A Pāpāmoa man was "significantly harmed" when his son's ashes were stolen during a robbery by a Black Power gang member.
The ashes were in an urn inside the victim's car when it was stolen and are still missing.
Tupaea Kerr, who appeared in the Tauranga District Court yesterday by audio-visual link from prison, was sentenced to three years and eight months in prison.
In April this year, a Tauranga jury found Kerr guilty of charges of aggravated robbery, unlawfully taking a motor vehicle and assault of a person with a weapon.
Judge Christopher Harding also ordered Kerr to pay his victim $5000 reparation and another $5000 for the significant emotional harm caused.
Kerr, a patched Black Power member, was a drug dealer and had not been paid by some of his customers, Judge Harding said.
On May 29, 2017, Kerr turned up at the victim's home and claimed he was owed $400 and stole the man's vehicle, valued at $25,000 when he did not pay up.
The next day, the victim visited Kerr and offered to pay the money to get his car back but Kerr demanded he paid double that amount.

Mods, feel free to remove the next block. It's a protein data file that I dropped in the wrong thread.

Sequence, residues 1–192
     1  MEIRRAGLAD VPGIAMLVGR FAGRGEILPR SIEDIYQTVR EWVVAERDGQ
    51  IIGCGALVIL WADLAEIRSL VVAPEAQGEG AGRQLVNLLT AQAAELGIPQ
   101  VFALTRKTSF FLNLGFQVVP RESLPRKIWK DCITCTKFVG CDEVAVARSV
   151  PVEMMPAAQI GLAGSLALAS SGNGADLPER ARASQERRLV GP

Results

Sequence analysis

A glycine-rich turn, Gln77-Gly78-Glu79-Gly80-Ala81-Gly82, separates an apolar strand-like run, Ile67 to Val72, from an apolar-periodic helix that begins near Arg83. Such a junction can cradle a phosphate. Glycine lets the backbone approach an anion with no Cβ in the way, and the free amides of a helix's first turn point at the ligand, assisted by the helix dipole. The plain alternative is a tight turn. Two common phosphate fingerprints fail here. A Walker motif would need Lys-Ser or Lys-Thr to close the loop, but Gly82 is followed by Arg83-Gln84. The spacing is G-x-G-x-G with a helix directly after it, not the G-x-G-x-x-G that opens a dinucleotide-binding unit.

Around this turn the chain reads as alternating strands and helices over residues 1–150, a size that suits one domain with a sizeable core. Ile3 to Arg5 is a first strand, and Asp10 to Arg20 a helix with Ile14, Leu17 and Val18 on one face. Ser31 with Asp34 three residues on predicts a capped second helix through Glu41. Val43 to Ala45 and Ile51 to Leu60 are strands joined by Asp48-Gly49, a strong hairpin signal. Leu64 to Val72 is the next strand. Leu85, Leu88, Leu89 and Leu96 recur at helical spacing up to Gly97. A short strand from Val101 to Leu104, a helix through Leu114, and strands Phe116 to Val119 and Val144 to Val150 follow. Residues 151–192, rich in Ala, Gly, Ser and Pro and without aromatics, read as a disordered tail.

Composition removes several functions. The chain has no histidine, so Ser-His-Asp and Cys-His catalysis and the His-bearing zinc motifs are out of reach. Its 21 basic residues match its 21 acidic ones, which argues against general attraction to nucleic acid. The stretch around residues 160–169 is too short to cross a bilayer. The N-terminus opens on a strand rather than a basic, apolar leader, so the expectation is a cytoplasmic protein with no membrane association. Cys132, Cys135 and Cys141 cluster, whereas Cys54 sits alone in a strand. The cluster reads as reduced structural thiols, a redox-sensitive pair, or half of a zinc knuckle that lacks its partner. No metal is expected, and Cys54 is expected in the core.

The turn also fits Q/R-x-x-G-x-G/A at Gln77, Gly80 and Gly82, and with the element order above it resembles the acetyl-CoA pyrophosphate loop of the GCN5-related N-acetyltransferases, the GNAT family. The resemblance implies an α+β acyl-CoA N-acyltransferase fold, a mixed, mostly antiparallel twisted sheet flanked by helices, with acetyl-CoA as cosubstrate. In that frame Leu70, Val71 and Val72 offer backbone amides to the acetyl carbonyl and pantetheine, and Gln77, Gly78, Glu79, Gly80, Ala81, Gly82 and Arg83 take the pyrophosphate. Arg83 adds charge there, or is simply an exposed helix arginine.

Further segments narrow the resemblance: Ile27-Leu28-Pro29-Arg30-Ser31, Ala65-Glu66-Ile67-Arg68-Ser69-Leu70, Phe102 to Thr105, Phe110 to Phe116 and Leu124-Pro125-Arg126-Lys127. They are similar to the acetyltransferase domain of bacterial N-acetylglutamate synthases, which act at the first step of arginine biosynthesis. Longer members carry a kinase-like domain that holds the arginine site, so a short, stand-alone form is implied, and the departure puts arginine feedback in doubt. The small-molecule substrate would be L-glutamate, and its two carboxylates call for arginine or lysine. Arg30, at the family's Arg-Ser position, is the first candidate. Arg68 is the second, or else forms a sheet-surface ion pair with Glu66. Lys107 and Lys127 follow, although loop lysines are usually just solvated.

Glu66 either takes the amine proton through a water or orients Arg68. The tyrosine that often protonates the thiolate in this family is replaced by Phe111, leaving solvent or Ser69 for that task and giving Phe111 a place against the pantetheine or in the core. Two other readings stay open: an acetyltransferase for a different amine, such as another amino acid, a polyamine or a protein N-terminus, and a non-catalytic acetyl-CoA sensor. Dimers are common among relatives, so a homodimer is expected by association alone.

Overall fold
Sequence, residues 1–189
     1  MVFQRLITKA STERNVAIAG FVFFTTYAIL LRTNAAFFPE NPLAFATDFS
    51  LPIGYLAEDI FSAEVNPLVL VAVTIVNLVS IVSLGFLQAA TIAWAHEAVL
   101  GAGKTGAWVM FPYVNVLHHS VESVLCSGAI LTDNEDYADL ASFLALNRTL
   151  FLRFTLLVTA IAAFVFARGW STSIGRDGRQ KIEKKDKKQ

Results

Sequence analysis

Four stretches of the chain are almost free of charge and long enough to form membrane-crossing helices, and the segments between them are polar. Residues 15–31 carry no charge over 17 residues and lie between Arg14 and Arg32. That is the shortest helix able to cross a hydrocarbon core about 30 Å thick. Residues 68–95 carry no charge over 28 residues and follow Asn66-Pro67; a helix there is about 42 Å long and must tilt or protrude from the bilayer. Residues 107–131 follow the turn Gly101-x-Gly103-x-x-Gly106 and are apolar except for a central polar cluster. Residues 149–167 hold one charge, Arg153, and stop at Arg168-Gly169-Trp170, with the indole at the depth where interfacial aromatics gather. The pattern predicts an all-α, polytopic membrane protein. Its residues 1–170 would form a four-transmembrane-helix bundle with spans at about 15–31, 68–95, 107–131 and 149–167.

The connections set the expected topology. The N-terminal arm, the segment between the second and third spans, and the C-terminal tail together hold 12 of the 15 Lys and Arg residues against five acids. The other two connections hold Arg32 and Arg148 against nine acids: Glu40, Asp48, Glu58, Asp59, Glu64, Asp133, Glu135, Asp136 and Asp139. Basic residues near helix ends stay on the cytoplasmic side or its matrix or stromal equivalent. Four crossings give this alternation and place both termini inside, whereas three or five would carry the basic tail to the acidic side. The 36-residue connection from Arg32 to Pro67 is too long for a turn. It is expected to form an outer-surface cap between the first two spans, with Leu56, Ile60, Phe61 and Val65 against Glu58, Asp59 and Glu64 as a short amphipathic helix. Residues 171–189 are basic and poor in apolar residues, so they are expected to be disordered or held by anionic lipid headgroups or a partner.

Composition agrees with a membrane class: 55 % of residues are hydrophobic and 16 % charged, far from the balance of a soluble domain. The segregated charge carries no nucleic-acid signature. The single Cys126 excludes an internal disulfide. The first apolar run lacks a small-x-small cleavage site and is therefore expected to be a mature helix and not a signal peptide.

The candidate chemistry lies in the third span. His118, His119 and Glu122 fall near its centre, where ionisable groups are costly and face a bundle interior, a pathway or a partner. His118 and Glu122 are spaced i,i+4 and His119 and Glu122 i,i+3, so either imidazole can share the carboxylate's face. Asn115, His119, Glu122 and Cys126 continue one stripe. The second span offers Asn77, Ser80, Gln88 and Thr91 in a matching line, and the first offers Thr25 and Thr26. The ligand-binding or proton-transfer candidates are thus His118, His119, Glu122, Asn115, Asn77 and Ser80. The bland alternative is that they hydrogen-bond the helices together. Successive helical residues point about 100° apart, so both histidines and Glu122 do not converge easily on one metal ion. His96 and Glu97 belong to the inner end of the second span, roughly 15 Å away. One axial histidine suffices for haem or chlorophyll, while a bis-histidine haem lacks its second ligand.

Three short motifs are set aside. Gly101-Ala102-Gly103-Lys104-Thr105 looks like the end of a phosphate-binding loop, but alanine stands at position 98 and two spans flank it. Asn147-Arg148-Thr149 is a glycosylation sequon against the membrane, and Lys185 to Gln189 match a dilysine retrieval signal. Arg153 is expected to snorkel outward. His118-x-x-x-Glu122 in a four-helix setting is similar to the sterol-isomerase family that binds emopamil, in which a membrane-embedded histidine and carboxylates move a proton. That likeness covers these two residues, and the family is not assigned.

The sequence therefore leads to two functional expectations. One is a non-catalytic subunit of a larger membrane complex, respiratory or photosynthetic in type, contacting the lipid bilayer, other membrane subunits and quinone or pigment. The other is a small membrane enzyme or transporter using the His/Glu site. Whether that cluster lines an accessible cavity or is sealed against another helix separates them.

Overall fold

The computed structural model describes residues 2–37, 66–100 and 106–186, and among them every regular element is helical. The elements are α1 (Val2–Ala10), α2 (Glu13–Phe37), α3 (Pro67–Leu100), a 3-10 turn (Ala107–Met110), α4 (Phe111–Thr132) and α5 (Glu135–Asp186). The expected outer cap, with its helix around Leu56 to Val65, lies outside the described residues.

A few days later, Kerr learned the victim had reported the car theft to the police.
He returned to the house on June 7, intending to also take a second victim's vehicle.
While the second man was pleading his case for it not to be taken, Kerr picked up a tomahawk and swung towards his head, missing him.
After the second victim ran from the house and called out for his neighbours to call the police, Kerr and his associate fled the address.
Kerr argued there was no physical violence or attempted violence by him, but Judge Harding rejected that.
"This was a classic case of a standover [robbery] with threats of violence," he said.
Judge Harding said the robbery clearly had significantly affected the victim, who not only lost his vehicle but, more importantly, his son's ashes.
Several other items that were inside the vehicle are still missing.
Judge Harding said the vehicle was subject to finance at the time of the robbery and the victim was still paying off what he owed.
The judge gave Kerr some credit for his remorse and efforts to help return the vehicle, however, it was badly damaged with an estimated repair bill of $4400.
Judge Harding said $10,000 total reparation was not inappropriate given the extent of losses and significant emotional harm the victim had suffered.